At a meeting of the Board of Trustees on Feb. 19, Penn State President Eric J. Barron shared top University accomplishments and the key priorities he plans to focus on through the remainder of his tenure during the next 16 months. In confirming his plans to retire as the University’s 18th president at the conclusion of his current contract in June 2022, Barron is allowing time for the Board of Trustees to move forward with succession planning.
In March, the Board will begin a phased approach to select a new president, following Barron’s retirement, which will kick off with a listening process to engage and solicit input from key stakeholders, including faculty, staff and students, on the qualities and type of future leader needed.
“President Barron’s outstanding leadership and support for the ongoing success of our students, faculty and staff have helped make a great public university even greater. I hope the University community will share the Board of Trustees’ commitment to continued success as we work to accomplish President Barron’s priorities for the coming months,” said Board of Trustees Chair Matt Schuyler. “President Barron’s stable guidance, successful management of critical challenges, and drive to innovate will have a lasting impact and have prepared Penn State to lead the future of public higher education. As we look toward the future, the University is well-positioned for our next leader.”
Barron was appointed president of Penn State in 2014, returning to the University where he previously spent 20 years, including serving as dean of the College of Earth and Mineral Sciences.
At the start of his presidency, Barron mapped out six presidential imperatives to be a modern university in the areas of excellence, access and affordability, economic development and student career success, student engagement, diversity and demographics, and technology and curriculum delivery. For more than six years, despite challenges like COVID-19, he has championed these initiatives with support from faculty, staff and students across Penn State’s campuses.
The imperatives he mapped have served as a lens to examine the state of the University and as the basis for defining broad, long-term planning, according to Barron.
Under Barron’s presidency, Penn State has tackled access and affordability, student success, and diversity and inclusion, along with leading a philanthropic campaign with a focus on opening doors for students financially, creating transformative educational experiences, and impacting the world. There have been ongoing cost-savings efforts to save millions annually and through various initiatives the University has invested resources in fostering economic development and job creation across Pennsylvania. The University has implemented a strategic plan that provides a vision for Penn State’s future and for achieving goals in areas such as transforming education, enhancing health, stewarding resources, advancing the arts and humanities, and driving digital innovation. Over the past year, Barron has led the University through the COVID-19 pandemic with a focus on protecting the health and safety of the University community and preparing for the future.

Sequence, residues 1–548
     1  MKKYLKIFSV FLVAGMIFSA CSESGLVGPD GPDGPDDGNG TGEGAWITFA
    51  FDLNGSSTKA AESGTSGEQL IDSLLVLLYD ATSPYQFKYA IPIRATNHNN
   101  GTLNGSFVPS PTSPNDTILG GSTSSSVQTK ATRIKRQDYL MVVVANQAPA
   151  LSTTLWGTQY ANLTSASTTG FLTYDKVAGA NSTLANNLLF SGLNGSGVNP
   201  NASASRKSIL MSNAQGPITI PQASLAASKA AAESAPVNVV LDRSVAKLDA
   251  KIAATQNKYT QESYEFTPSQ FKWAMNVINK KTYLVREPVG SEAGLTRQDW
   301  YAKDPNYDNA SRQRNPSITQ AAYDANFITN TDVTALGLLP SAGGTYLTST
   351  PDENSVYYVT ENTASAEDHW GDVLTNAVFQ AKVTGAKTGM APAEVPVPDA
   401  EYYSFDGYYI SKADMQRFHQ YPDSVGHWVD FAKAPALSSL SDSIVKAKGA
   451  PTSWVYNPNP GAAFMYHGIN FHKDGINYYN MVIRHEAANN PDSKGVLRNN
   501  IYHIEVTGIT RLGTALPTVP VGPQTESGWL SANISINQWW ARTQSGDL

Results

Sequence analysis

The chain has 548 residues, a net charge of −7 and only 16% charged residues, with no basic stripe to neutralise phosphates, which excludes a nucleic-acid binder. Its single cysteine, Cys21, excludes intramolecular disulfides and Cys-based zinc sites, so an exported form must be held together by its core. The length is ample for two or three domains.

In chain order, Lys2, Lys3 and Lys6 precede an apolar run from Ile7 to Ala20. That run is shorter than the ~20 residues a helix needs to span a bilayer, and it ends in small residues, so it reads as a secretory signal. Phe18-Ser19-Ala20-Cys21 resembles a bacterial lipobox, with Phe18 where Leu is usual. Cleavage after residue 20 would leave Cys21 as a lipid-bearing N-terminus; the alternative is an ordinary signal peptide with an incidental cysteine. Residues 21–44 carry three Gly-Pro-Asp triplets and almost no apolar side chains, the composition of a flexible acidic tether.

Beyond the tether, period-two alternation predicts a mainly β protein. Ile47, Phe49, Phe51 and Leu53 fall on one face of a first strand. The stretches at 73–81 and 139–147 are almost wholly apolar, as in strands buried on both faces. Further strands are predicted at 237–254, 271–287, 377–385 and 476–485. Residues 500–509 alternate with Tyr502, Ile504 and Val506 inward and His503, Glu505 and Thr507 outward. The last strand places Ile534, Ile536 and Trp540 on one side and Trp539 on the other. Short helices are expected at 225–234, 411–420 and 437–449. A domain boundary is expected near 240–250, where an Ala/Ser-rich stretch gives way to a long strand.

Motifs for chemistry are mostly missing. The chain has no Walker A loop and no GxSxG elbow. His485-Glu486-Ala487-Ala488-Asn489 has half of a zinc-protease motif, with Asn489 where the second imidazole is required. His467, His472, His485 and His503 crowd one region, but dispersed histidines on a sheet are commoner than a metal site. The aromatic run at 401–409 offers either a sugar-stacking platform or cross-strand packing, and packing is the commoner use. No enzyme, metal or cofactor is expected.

“It has been my greatest professional honor to serve as president of Penn State and to be able to collaborate with and learn from our amazing faculty, staff and students every day. Together, we have elevated Penn State as a leader in higher education poised to meet the future and to attract the best and brightest students,” Barron said. “In the next 16 months, even as we continue to weather the challenges of the pandemic as a community, we cannot pause in our efforts to provide the highest quality education, contribute knowledge to society, and support Pennsylvania communities, the nation and world.”
At the meeting, Barron provided an overview of key achievements and highlighted his top priorities and goals — stemming from his strategic imperatives — for the next 16 months:
Penn State continues to make significant progress in key areas of excellence, including enrollment, fundraising and research, as well as each of the foundations of Penn State’s Strategic Plan. In 2021, Penn State is ranked in the top 1% of universities in the world, is recognized in the top five universities where corporations recruit, and 18 research fields have ranked in the top 10 — more than any other university. Penn State has received record-breaking applications and has seen strong enrollment demand among undergraduate and graduate students across its campuses.